In the financial world, risk management is that the method of identification, analysis, and acceptance or mitigation of uncertainty in investment decisions. Essentially, risk management occurs when an investor or fund manager analyzes and attempts to quantify the potential for losses in an investment, like an ethical hazard, then takes the acceptable action (or inaction) given the fund’s investment objectives and risk tolerance.
Risk is inseparable from return. Every investment involves a point of risk, which is taken into account on the brink of zero within the case of a U.S. T-bill or very high for something like emerging-market equities or land in highly inflationary markets. Risk is quantifiable both in absolute and in relative terms. A solid understanding of risk in its different forms can help investors to raised understand the opportunities, trade-offs, and costs involved different investment approaches.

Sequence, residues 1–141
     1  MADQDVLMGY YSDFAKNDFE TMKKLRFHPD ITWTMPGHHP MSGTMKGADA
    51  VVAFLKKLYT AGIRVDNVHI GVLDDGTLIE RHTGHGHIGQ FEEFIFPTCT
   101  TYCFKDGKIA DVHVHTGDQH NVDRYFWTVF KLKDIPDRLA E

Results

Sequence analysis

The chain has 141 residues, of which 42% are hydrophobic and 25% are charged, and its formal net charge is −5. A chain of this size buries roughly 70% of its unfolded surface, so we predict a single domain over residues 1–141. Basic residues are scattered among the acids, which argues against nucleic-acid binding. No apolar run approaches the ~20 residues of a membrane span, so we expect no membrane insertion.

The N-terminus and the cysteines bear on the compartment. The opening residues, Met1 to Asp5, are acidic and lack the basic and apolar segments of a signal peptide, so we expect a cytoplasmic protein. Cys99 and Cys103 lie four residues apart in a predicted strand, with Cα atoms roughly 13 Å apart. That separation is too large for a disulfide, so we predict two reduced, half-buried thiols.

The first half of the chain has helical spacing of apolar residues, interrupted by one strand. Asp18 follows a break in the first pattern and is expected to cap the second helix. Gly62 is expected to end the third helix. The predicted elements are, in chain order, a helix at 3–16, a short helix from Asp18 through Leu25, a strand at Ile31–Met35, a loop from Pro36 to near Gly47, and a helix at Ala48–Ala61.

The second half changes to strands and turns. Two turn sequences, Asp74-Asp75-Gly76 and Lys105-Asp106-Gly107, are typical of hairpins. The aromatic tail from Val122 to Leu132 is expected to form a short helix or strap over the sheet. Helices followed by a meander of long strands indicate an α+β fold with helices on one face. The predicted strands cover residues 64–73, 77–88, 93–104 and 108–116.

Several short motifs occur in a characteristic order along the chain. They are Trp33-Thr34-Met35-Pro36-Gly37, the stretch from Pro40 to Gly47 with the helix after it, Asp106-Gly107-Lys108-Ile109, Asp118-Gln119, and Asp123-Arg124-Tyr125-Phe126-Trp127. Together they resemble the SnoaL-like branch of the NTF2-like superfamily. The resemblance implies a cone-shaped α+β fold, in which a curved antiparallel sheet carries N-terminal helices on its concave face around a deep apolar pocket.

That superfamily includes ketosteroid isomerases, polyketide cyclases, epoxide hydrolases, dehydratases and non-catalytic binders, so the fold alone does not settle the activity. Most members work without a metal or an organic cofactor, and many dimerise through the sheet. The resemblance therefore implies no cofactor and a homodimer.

A variety of tactics exist to determine risk; one among the foremost common is variance, a statistical measure of dispersion around a central tendency.
Beta, also referred to as market risk, may be a measure of the volatility, or systematic risk, of a private stock as compared to the whole market.
Alpha may be a measure of excess return; money managers who employ active strategies to beat the market are subject to alpha risk.